Dulcimoo.com uses 100% carbon free electricity for all electrical uses.
Our web hosting facility, fatcow, is 100% wind powered.
And our corporate headcowters electrical needs are 100%+ solar photovoltaic, provided by Sun Fusion Solar power.
If you use electricity and you own your home or office then go solar!
I did - this is the dulcimoo solar farm
Why go solar? There are many reasons to go solar, but here are a few:
- In the long term the electricity will cost you very little if anything! After your system is paid for it will continue to run...perhaps for decades. Modern solar components have 25 year warranties and will continue to produce electricity for MANY years beyond that.
- In the short term you pay for Electricity anyway. A properly executed loan will cost you less than you are paying now and additionally can reduce your costs due to government interest rate rebates via tax deductions.(talk to a tax consultant about this!)
- Lock in the costs of electricity. Over the past three decades electrical rates have risen between 4% and 8% (depending on where you live) per year. By purchasing solar you lock in your rates!
- The MORE electricity you use the FASTER the ROI is. Because electrical usage is tiered (the more you use the more each unit costs) and the price to install solar in fixed (or lower) per unit, installing solar actually costs less in relation to your current costs the more you use.
- Solar produces the MOST when the costs of electricity is HIGHEST. Because electricity rates are typically highest (based on time of use) in the daytime hours and this is when your system is producing it saves money.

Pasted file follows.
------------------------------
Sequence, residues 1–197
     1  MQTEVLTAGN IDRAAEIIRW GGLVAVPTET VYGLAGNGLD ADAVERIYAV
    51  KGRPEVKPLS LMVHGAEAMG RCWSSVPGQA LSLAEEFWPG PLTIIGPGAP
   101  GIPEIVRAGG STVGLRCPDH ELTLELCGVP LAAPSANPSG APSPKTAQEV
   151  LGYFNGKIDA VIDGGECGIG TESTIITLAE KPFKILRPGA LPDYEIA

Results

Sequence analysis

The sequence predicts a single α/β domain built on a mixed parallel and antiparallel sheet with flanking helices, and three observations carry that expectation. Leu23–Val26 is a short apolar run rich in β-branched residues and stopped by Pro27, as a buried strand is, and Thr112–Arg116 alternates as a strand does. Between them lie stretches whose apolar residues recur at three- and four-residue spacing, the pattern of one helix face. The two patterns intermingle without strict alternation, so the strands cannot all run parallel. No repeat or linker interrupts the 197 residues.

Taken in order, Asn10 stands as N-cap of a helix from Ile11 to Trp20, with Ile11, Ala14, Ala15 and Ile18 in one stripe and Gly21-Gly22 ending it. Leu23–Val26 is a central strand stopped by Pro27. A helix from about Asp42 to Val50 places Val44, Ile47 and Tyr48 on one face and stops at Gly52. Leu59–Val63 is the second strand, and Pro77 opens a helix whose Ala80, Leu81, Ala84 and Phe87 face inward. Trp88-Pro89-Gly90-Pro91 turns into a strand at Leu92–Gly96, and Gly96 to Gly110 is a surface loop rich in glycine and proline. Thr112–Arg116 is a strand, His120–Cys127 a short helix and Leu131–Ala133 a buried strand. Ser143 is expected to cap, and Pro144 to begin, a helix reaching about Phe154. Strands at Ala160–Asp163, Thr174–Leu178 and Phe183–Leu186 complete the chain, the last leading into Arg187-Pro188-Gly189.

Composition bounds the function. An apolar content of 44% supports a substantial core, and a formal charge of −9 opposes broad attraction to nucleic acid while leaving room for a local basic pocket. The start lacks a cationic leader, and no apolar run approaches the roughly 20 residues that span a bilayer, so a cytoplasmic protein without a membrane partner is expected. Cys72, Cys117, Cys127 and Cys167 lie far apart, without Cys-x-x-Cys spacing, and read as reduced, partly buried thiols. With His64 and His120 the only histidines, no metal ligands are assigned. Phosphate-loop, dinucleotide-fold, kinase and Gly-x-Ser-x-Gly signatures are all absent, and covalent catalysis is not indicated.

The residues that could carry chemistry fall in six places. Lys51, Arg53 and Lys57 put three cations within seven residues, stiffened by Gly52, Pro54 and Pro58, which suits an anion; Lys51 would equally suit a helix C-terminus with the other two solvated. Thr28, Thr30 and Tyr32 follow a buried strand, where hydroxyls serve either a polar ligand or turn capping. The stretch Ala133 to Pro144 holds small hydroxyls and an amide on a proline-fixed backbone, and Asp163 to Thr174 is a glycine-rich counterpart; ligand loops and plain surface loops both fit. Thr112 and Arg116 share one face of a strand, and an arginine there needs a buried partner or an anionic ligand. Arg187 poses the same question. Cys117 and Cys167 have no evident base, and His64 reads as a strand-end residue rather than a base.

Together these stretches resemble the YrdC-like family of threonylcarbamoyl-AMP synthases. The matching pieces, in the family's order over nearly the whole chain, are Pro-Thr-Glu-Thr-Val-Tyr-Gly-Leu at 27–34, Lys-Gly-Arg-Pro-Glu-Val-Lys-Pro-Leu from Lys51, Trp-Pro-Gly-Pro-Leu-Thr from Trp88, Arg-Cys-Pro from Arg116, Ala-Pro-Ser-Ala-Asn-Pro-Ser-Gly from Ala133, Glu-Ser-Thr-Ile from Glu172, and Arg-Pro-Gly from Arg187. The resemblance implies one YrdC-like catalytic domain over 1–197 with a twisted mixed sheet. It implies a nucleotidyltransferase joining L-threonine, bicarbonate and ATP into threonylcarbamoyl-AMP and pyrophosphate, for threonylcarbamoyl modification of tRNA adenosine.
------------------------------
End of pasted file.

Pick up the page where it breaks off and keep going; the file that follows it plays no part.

- It is good for the planet. We decided to go Solar after the Fukushima Nuclear Disaster. The more the human herd goes solar the less we will need nuclear power. Did you know the smoke plume from coal power plants is radioactive and that coal ash can be more radioactive than nuclear waste?!
- Still on the fence ... Uncle Sam provides 30% solar tax incentives in addition to what the state or local utility provide
Does it work? Yes! ... when there is some sun light!
In the first 6 Months of operation - we made over 3.8 MEGA Watt hours of electricity! ...
... In terms of CO2 That is over 110 BBQs worth!
You can see the difference in our power consumption ...
... the line is before solar ... the bars are after solar.
Note: During the day time hours ... no energy was used from the power company.
Below see our system (if there is some sun light) working
Note the data is lagged about 45 min.
Still in the dark? ...
Here is an excerpt from my July 2011 Power bill. ... this was the first full solar month
That -287 kWh credit is going to be worth about 25 dollars at the end of the year
The small charge is the cost of using the power company as a battery
How are we doing after the first full year?
The graph on the left shows The cumulative Solar Production over the first year.